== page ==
Mid-Life Collision

We may have heard the term “mid-life crisis” and thought as believers we were in the clear. Yet, surprisingly, there is a similar phenomenon that happens within Christian circles. It is the timely collision of the old and new — who we were in the past is now conflicting in an implosive manner with who we are now. Interestingly, the results can be likened to the Scripture in Mark 2:22 about putting new patches on an old wineskin. After a certain amount of time, the wineskin can’t help but bursts at the seams.

Let me explain; to one degree or another there is a natural process when becoming a Christian that happens to all of us. It is the deliberate distancing of our “new” selves from the earlier version of our “old” selves (before Christ).

It’s a pattern where our issues, foibles, sin patterns and character flaws prior to salvation get patched over instead of worked through. We get on with the new program in our lives. Our journeys become filled with expectations of what we think it means to be a good Christian. Eventually we grow farther and farther from the person we used to be. We are even embarrassed and shocked to reflect back on our lives and discover who we once were is a complete stranger to us now.

A matter of time

We can live like this for years and often do so. Basically, what we have done is develop an alter-ego that has spent decades pursuing the attributes of the Proverbs 31 woman. This seems pretty reasonable and is encouraged in the church. After all, isn’t this right? Aren’t these good and noble pursuits? Who wouldn’t want to become more and more like the Proverbs 31 woman?

The Proverbs 31 woman is validated in scriptures as a winner in the ultimate womanhood category. And as women, validation is something we all long for. So we pursue these kinds of attributes and wear them like fine clothing. We learn the right behaviors and all the right things to say. We go from Bible studies to home fellowship groups to church events with ease. Our determination is to become more and more like her, and for a season we are succeeding spiritually — or so we think.

Here’s the problem. We can only keep up this pace for so long before the winds of change and transition (that naturally occur around mid-life) begin to break down our world of Christian expectations. When this happens, we inevitably begin to watch the walls of our lives start to crack as the old “us” we never quite dealt with leaks back in and often in shocking ways. We find our new selves sitting in judgment of our old selves, and our old selves rising up in rebellion to the new. We become conflicted, immobilized, confused as both sides begin to crash in on each other. What’s more, we don’t want anyone to find out, so we often isolate. It doesn’t help that we feel the pressure to have it together, especially by mid-life. It’s an awful dilemma!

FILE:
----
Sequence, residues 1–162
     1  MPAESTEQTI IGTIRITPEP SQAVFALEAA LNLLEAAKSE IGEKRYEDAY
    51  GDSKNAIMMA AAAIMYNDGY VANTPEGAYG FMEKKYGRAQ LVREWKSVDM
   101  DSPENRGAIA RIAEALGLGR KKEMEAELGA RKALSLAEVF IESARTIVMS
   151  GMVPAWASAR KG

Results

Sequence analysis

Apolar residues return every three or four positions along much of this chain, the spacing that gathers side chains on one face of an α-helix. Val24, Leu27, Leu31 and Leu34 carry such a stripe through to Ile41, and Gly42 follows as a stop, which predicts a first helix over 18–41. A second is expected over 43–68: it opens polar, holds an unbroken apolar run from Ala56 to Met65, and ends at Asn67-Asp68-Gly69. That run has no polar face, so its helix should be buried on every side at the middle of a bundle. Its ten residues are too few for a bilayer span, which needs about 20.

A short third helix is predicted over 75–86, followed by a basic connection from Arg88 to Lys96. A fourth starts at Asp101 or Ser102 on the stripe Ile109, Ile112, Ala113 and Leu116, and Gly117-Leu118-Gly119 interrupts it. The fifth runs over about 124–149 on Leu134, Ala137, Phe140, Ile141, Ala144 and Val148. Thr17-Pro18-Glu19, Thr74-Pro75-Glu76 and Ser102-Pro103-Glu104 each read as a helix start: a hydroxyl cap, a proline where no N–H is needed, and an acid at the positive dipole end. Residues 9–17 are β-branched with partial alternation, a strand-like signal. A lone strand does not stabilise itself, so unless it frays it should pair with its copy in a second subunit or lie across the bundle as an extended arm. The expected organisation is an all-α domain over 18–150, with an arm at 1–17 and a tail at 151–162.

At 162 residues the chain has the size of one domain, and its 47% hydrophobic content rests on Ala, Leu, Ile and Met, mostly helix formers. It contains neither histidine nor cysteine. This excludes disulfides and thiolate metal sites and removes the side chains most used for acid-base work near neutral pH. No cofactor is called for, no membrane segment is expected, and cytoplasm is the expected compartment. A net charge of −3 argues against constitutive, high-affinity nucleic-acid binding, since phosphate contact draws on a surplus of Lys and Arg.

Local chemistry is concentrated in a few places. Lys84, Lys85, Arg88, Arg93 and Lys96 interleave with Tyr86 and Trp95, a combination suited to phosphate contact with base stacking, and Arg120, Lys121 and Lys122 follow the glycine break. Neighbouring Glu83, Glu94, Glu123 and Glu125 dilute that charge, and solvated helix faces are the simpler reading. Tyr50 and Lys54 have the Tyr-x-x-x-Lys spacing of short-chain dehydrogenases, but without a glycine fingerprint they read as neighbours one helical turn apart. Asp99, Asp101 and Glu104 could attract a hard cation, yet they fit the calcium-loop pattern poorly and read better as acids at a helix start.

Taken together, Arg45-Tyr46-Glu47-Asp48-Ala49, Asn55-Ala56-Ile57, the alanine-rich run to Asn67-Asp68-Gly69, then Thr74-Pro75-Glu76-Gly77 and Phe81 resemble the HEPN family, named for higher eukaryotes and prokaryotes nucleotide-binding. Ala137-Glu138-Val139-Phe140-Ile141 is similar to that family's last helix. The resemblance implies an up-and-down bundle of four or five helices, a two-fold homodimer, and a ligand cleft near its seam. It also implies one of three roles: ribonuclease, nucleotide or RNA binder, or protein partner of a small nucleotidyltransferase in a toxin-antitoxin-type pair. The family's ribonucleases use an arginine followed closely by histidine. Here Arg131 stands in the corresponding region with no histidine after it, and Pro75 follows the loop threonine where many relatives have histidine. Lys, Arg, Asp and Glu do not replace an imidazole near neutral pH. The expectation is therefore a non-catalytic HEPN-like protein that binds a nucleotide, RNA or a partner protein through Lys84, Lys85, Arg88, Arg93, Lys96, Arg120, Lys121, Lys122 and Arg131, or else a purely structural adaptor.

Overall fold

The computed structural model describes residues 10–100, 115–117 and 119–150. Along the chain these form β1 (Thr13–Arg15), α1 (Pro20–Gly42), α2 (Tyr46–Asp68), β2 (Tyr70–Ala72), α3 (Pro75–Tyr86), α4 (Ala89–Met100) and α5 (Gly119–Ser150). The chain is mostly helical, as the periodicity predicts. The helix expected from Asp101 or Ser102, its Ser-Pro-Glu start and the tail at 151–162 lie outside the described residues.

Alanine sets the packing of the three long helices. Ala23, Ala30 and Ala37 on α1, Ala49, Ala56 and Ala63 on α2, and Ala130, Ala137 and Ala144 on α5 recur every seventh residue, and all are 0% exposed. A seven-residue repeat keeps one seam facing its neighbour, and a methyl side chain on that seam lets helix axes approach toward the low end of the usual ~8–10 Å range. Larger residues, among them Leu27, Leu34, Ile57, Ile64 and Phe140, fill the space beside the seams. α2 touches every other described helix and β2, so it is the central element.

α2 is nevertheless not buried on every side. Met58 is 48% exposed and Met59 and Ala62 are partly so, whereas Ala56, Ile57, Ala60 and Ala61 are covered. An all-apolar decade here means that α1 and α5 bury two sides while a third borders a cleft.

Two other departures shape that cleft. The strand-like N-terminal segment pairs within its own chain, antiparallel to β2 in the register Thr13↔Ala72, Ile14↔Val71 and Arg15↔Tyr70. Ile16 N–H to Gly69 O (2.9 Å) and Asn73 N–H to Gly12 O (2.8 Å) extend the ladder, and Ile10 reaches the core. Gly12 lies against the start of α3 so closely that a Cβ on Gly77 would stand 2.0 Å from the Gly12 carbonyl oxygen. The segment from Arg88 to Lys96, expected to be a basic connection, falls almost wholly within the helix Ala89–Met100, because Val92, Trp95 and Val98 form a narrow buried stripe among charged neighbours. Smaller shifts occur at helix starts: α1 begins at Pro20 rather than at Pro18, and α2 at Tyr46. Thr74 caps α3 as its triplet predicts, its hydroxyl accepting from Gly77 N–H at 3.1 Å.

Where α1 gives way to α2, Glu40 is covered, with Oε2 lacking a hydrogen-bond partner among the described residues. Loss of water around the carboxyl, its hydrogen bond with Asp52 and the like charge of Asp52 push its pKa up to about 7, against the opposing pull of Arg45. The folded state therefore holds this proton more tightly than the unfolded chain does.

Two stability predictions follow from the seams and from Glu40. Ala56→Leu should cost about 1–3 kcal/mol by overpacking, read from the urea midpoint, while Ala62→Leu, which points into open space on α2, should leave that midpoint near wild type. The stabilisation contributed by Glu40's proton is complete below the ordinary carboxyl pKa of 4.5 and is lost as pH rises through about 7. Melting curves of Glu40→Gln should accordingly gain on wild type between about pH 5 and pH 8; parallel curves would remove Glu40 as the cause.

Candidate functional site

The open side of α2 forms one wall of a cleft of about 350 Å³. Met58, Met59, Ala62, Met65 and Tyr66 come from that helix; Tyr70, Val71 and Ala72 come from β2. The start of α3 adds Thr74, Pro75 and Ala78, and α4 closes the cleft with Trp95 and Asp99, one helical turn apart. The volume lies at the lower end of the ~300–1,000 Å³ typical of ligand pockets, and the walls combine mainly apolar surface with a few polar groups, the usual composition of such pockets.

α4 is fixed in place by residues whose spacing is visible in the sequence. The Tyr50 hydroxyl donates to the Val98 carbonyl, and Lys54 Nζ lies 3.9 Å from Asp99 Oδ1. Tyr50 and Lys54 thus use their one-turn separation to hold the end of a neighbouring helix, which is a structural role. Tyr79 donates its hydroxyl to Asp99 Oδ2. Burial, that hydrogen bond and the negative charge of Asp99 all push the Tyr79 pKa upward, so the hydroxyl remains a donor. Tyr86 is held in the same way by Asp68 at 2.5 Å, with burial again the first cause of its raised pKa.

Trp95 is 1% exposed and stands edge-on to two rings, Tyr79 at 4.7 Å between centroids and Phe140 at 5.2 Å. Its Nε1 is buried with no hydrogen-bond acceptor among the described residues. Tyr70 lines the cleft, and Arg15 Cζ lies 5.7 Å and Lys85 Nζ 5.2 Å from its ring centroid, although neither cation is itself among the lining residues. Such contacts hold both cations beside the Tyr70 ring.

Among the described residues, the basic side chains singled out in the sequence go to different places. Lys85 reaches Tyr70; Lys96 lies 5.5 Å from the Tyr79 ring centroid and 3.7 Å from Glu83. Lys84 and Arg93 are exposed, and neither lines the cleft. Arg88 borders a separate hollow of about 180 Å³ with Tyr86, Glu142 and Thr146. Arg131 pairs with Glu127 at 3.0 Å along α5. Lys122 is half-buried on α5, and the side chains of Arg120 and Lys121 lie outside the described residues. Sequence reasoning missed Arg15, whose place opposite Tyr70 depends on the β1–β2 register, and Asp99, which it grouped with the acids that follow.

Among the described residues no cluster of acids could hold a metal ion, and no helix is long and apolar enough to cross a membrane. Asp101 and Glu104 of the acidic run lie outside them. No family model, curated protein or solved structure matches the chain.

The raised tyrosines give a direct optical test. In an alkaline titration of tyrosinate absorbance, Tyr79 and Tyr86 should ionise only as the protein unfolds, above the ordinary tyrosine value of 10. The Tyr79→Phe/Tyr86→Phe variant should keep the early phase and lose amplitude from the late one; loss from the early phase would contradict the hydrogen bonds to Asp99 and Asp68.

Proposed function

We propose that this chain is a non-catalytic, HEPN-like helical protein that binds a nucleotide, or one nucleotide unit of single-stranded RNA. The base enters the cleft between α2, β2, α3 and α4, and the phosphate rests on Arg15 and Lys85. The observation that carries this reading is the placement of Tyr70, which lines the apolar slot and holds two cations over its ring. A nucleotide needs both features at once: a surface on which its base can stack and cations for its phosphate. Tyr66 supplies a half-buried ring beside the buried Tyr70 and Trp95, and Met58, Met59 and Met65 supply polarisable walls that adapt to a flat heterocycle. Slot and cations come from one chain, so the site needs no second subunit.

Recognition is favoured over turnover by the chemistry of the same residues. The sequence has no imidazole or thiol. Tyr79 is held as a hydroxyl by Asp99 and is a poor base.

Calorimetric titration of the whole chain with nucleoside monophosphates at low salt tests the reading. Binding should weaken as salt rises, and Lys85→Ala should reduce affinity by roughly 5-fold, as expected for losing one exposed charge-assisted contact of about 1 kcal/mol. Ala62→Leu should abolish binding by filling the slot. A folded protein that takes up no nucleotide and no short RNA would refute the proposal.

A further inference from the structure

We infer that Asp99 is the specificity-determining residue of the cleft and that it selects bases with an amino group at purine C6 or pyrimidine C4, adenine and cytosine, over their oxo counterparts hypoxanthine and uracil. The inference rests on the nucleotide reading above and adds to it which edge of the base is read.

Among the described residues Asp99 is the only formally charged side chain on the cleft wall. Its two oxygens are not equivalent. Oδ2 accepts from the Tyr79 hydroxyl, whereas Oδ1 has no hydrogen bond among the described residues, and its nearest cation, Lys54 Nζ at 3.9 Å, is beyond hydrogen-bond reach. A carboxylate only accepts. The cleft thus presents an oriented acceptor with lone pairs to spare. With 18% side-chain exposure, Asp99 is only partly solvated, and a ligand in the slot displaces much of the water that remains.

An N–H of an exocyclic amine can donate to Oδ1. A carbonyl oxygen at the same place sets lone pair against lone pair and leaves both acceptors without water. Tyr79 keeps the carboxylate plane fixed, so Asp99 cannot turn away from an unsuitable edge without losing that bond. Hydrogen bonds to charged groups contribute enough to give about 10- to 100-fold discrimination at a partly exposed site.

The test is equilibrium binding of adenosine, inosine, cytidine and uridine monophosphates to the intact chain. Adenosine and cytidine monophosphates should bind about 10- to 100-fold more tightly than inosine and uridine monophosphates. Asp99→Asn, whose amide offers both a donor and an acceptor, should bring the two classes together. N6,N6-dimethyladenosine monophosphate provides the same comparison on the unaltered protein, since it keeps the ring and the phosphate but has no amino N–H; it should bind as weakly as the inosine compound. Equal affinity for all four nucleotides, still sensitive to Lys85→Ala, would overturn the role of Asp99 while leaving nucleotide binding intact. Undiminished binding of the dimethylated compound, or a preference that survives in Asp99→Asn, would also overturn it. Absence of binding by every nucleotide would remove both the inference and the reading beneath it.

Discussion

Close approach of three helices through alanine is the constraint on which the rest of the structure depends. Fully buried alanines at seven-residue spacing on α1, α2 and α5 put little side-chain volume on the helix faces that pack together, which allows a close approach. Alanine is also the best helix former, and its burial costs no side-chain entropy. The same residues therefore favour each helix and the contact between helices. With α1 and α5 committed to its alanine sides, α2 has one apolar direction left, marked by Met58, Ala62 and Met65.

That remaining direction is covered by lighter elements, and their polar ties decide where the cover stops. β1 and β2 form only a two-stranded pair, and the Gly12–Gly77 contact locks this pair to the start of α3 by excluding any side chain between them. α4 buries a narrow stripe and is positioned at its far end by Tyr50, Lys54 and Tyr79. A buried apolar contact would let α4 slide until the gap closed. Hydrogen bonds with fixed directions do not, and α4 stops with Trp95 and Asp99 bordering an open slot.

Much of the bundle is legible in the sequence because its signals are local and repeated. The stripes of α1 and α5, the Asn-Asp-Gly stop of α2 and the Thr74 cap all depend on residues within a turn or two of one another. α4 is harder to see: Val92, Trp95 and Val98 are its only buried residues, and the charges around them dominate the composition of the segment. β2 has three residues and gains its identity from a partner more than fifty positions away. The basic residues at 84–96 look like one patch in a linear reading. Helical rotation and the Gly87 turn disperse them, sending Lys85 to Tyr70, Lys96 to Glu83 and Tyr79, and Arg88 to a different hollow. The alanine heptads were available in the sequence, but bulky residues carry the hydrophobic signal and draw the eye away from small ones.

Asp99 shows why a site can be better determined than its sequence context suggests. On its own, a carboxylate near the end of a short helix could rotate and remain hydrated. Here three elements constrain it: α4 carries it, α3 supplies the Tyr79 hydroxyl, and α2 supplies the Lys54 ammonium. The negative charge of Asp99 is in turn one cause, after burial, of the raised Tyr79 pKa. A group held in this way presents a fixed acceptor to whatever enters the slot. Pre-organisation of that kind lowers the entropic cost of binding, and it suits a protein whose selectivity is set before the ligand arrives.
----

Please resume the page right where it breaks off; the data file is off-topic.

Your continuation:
The good news

Even though it sounds like a bit of a train wreck, it can be a heart-transforming collision to have, a sacred place where God gets a hold of our hearts in a special way. A huge weight lifts off our shoulders as we finally discover that this elusive and most enviable Proverbs 31 woman we have been chasing all these years is a description — not a real person. It is a description that reflects qualities of a heart rather than accomplishments — qualities that can only be brought about by doing the hard work of believing well the truth that we are completely loved — foibles, brokenness and all.

This collision carries us in a place where it’s safe to be real. He is the Great Physician who can guide us through troubled areas that we have since pretended never existed. Facing our brokenness without fear of being judged or rejected is a game changer. It takes the old and makes it new with fresh and healthy perspective.

Just as the women who surrounded Jesus during his time of ministry were treasured without being Proverbs 31 women, so are we. They were broken women, undone, and did not have it all together like us. They were not highly thought of, and many had spent their lives being rejected. But Jesus poured his mercy and grace on these women in glorious measure. He loved and delighted in them just as they were. As a result there were no pretenses, only hearts that overflowed with gratitude as these women received unmerited favor — the highest privilege and honor. Maybe the Proverbs 31 woman, like the law, was meant as a tutor to lead us to grace all along. As we pursue her never ending list of wonderful traits and accomplishments, and always fall short, we find ourselves in a better category all its own — robed in the righteousness of Christ alone. What a marvelous discovery — one that is worth a mid-life collision to make!

Paula Masters is the author of “Exceptional Bloom: Coming Alive After Fifty” and the founder of True Source Ministries, an online ministry to hurting women, found at tsmwomen.org. She stays connected with her readers on her “Over Fifty and Fabulous” facebook page and online at OverFiftyandFab.com.

Tags:

Leave a Reply

You must be logged in to post a comment.